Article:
First Impressions of Denmark

Denmark is a beautiful country. Its landscapes are beautiful and its citizens are always willing to help if you need it. I did some research before traveling to Aarhus, but I still wasn’t sure of what I would experience while studying here. My first day spent in Aarhus was a bit of a blur. I had spent the last twenty-four hours traveling from Philly to Hamburg, Germany and then taking a train to Aarhus. Overall, I was exhausted and a bit jet lagged, so I might not have noticed as much as I could have. But here are the three things my overtired mind noticed when I first got to Denmark.

First impression of Denmark: it’s beautiful, and very green.

My first impression of Denmark was traveling through the countryside on a train heading from Hamburg, Germany to Aarhus. The accommodation was comfy, the announcers spoke half in Danish, half in English and sometimes in German as well. The countryside flew by and reminded me a little of the midwest United States – flat and full of farmland, although with less corn and more cows. When I finally got to Aarhus I was so excited to see the city, and that’s when I realized that not only is the Danish landscape pretty and green, but they are green in another way – recycling. Along the streets are receptacles to sort out your trash. While it is not the best country in the world for recycling, Denmark is putting in initiatives to reduce its waste and carbon footprint.

My second impression of Denmark: the streets are different. And bikes are everywhere

My second impression of Denmark was appreciating the architecture as I was lugging my very heavy suitcase through the streets of Aarhus. Luckily for me, Aarhus University provided me with two awesome exchange buddies, who were there to greet me and give me a very welcoming car ride to my new dorm. Cars are super expensive to own in cities in Denmark, so it’s not very common to have one. And that means bicycles are the preferred mode of transportation and what really struck me at first was the biking lanes. In Philadelphia and any big city that I have visited in the US, bike lanes are painted in the streets, and while you could bike anywhere it isn’t the safest option. Nearly everywhere in Denmark the bike lanes are like separate sidewalks. When you get off a bus in Denmark you have to look both ways for bikes instead of cars. The first few days of walking around, I might have angered some Danish bicyclists by forgetting to look for them before crossing the street. My point is: bicycles are a big deal here, and everyone has one. My favorite example of this is Copenhagen, where bicycle parking can be done in two levels, a bike on top of a bike to save space on the street.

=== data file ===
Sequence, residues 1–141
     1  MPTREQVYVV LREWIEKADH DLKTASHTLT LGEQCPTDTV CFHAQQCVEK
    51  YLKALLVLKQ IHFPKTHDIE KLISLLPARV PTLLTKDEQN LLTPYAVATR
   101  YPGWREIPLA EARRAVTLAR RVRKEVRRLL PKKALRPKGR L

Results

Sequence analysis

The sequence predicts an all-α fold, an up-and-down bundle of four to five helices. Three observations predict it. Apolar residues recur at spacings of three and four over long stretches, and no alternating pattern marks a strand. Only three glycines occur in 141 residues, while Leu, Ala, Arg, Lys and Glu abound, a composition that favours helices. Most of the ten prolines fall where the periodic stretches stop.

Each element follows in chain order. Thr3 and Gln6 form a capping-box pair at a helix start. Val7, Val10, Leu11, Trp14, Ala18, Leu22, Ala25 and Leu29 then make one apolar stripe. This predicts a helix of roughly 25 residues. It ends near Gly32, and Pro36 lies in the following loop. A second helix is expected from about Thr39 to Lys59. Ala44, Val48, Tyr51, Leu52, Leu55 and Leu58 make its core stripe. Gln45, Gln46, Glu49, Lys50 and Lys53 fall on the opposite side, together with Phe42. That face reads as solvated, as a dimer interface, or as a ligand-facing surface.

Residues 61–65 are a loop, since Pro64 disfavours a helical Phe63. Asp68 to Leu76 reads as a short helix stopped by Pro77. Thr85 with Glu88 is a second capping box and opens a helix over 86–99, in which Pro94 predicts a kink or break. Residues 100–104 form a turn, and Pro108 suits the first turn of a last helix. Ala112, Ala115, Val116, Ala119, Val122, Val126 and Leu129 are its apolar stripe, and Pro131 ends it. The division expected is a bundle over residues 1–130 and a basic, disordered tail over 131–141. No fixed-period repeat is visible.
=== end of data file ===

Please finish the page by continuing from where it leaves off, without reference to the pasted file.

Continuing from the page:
Photo Credit: Vanessa Wong

My third and last first impression: Danish is hard.

I did my best to try to learn some Danish phrases before coming. Duolingo is great and all, and I can totally get by in the grocery stores picking out some words from labels so I know what I’m buying. But when it comes to actually speaking Danish, I’m lost. If I try to learn words by myself, there is no way I’ll pronounce them right. When I buy pastries at the store, sometimes I try to say the name of the pastry without pointing to it. That’s always a disaster, but lucky for me everyone I meet is super nice and willing to speak to me in English. Danish is a challenge, but by the end of the semester I’ll have some phrases under my belt.